Last July, Young Jeezy celebrated the 10th anniversary of his acclaimed debut, Thug Motivation 101: Let’s Get It. During a sold out concert in Atlanta, he performed the album in his entirety alongside high-wattage guests, including fellow kings of the South like T.I., Usher, OutKast, and Bun B. The event was a testament to his enduring influence as “your favorite trapper’s favorite trapper.”
Jeezy emerged during an era when Southern rap took over the public’s perception of authentic rap culture. He was a hero of what was then called “regional rap,” which signified musical idioms and styles that weren’t birthed in a major label boardroom, but in the neighborhoods of Everytown, USA, and far from corporate influence. Amidst a widespread reassessment and debate over which forms of rap were truest to the art form, Jeezy stood out as a a man who seemed to truly labor in the trap, Southern slang for the impoverished working-class communities where street hustlers flourish. He performed many of his early shows at showcases and parties held by the notorious drug cartel BMF a.k.a. Black Mafia Family. He has a voice that’s wheezy and unpretentious, and his lyrics are short and to the point. He peppers his raps with adlibs that are widely copied and parodied: “Yeeeah!” “That’s riiight!” “Ha ha! Yeah!” When Kanye West collaborated with Jeezy on “Can’t Tell Me Nothing,” he simply used Jeezy’s adlibs as a signature for pure authenticity. They were all that West needed.
For a few years, Jeezy’s Atlanta hometown bred the most influential rap scene in the country, and was a mainstay of nightclubs and the pop charts. Many of those hits featured Jeezy, including his “Soul Survivor” track with Akon, Usher’s “In This Club,” and Rihanna’s “Hard.” Today, however, Southern rap has receded from the pop landscape. Rising stars like Future may hold wide influence and even impact the album charts – his DS2 and Drake collaboration What A Time to Be Alive both debuted at number 1 this year. But the meaning of the word “trap” has been debased. Now, it’s a signifier for bass-heavy EDM, chirpy pop raps like Fetty Wap’s “Trap Queen,” and who knows what else.
As a result, the 38-year-old Jeezy has become an elder statesman. Stylistically, he hasn’t changed much. Every album since Thug Motivation 101 largely sticks to his tales of bricks, bricks, and more bricks. He has occasionally shown political awareness, too, most notably on The Recession, a title inspired by the economic crash of 2008. It featured “My President is Black,” which honored Barack Obama’s 2008 presidential campaign.
It may be just as well that Jeezy has stubbornly clung to his original “trapper” image while his personal life evolves. (Earlier this summer, he posted a photo of his son graduating from high school.) We may want our favorite artists to change, but we don’t always accept them when they do – witness the continued backlash over Jay Z’s shift from hustler rhymes to luxury rap. So Jeezy has chosen to stay in character, whether it resembles real life or not.
Piñata, the full-length collaboration between 21st-century gangster rapper Freddie Gibbs and 31st-century producer Madlib, lulls breezily between pro forma thuggery and Swisha Sweet insights, mixing progressive beats (sampled, not synthesized) with grizzled street raps (real talk, not fake Bawse boasts). But though this is well-trod ground, from the blaxploitation allusions to the Odd Future and TDE cameos (sorry, no Kendrick), there is innovation and illumination here, too. There is “Thuggin’,” wherein Gibbs chops over frail guitar licks looped and sped up into an Americanized spaghetti-gangster soundtrack, thanks to Madlib’s excavation of an arcane British library record, Rubba’s “Way Star” (h/t WhoSampled.com). There is “Deeper,” wherein Gibbs unravels a deeply metaphorical flip on Common’s “I Used to Love H.E.R.” and bemoans the decline of gangsta rap culture, “All for a nigga that ain’t got nothing that I ain’t got / Only difference is, he’s tryin’ to be a fuckin’ astronaut.”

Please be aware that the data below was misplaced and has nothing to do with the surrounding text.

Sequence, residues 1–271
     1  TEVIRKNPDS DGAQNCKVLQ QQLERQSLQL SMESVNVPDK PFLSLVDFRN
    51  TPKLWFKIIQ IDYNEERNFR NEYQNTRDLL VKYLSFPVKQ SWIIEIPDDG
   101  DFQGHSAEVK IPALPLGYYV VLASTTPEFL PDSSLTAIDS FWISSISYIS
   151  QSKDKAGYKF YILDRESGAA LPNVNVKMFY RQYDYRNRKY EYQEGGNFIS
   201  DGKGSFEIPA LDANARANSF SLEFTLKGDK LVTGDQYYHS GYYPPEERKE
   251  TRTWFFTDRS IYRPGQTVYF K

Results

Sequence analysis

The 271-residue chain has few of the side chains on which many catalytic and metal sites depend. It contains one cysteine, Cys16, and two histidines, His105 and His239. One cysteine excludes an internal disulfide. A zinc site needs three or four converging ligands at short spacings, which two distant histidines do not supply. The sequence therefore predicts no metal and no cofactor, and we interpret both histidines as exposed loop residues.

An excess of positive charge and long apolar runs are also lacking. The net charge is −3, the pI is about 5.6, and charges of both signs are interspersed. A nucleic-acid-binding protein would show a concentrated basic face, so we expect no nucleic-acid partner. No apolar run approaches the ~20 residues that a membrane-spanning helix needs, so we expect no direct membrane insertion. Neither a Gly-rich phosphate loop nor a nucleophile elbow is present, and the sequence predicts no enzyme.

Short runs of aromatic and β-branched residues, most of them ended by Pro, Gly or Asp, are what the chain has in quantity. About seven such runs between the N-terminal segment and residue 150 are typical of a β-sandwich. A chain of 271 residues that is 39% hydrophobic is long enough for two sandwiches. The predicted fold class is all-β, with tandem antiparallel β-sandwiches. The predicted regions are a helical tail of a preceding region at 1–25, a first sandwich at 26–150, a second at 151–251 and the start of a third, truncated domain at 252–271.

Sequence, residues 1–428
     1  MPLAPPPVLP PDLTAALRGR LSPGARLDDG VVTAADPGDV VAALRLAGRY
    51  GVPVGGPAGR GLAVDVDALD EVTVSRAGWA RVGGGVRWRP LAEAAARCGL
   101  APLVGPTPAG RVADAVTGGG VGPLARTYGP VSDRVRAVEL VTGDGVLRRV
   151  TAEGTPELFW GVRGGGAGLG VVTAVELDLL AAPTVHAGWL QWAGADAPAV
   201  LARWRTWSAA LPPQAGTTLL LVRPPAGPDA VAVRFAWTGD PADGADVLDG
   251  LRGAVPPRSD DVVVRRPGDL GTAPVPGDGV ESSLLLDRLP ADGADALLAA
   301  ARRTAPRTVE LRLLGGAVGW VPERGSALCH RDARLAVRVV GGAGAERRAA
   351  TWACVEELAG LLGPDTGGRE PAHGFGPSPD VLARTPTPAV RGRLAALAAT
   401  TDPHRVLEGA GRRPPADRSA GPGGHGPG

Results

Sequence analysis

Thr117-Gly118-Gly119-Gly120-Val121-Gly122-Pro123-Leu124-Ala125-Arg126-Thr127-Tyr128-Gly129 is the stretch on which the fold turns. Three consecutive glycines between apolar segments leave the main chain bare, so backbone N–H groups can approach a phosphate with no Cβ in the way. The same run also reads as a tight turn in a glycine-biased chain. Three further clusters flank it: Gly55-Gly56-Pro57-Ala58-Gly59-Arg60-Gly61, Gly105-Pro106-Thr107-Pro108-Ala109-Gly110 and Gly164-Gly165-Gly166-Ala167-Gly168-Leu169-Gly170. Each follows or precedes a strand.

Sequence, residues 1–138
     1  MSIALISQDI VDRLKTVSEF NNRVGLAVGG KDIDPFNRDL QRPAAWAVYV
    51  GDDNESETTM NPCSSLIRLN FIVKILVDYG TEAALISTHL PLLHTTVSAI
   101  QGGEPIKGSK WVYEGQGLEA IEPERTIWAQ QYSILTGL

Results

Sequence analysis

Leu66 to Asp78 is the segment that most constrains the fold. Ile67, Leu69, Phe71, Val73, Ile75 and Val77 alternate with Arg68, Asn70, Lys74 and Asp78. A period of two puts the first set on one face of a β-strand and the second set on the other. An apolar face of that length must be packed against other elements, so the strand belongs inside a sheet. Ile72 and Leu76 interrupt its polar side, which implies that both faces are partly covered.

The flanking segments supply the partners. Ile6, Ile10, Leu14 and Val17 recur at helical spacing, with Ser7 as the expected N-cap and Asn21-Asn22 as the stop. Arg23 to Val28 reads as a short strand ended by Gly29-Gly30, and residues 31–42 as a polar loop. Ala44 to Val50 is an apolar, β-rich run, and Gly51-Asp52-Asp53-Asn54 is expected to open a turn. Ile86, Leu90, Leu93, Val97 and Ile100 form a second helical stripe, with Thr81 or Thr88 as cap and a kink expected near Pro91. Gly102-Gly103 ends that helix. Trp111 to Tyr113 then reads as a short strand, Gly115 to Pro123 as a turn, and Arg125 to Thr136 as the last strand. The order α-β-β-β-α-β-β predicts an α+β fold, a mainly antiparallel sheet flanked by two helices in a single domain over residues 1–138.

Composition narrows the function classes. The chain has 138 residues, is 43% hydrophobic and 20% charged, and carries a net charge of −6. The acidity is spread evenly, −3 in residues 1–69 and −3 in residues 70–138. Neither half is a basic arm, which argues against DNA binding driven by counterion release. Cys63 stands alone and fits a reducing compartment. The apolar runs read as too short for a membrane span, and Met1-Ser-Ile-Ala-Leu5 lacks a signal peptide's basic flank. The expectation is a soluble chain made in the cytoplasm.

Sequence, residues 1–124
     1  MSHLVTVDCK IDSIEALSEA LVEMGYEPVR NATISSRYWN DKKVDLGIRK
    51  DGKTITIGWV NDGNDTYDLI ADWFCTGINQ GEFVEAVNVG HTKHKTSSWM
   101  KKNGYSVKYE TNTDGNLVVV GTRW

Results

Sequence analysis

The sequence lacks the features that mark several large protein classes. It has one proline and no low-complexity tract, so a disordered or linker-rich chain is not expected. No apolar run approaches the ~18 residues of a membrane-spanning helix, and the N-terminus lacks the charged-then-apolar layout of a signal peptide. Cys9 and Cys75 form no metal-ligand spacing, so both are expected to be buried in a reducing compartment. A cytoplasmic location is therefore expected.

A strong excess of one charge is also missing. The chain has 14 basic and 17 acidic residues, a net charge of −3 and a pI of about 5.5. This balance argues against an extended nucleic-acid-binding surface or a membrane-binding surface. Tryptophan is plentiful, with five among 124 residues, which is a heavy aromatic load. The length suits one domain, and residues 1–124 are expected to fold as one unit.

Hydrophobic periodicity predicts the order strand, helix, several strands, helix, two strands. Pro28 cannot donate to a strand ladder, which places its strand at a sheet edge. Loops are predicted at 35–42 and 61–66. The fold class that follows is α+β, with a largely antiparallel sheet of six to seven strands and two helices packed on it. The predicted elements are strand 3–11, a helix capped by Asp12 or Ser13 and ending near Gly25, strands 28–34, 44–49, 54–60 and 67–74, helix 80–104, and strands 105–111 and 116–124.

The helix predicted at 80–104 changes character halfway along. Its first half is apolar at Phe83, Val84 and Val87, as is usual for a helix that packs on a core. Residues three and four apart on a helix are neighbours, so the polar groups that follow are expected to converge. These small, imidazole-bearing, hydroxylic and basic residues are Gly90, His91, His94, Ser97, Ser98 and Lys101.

Meek Mill raps as if he is typing in all caps: “I’M BRINGING TUPAC BACK! TUPAC BACK!” He tends to, if not necessarily screech at the top of his lungs, then at least yell loud enough to project an appealing bellicosity. He’s not the first MC with a high-octane delivery — the underrated Ace Hood comes to mind, as well as Freeway, another Philadelphia rapper. And on past singles like “Tupac Back,” “Ima Boss,” and more recently, “Actin’ Up” (with its guilty-pleasure chorus “These bitches be actin’ up / And these niggas be lettin’ ’em”), those shouted raps are aggressively uninhibited, the vocal equivalent of throwing bows.
Late last year, Stones Throw Records announced that it would release a full-length album of tunes by its veritable resident producer Madlib in 2010 . . . every month. Dubbed Madlib Medicine Show, the 12-part series sounds like a rap nerd fantasy.
Ever since his critically lionized Quasimoto adventure, 2000’s The Unseen, when he adopted a helium voice and crafted adult cartoons straight out of Fritz the Cat and Le Planete Sauvage, the L.A. musician has defined an idiom of crackling sampled loops, slightly buggered raps, and thick clouds of weed smoke. Over 15 years deep into a career that kicked off with a cameo on the Alkaholiks’ 1993 debut, 21 & Over, his enigmatic vision perseveres, even as the idealistic underground scene he once occupied — remember back in the ’90s when his old group the Lootpack chastised wannabe gangsta rappers on “The Antidote”? — has turned cynical, becoming obsessed with the same guns-drugs-porn-money quadrant it once criticized the “mainstream” for.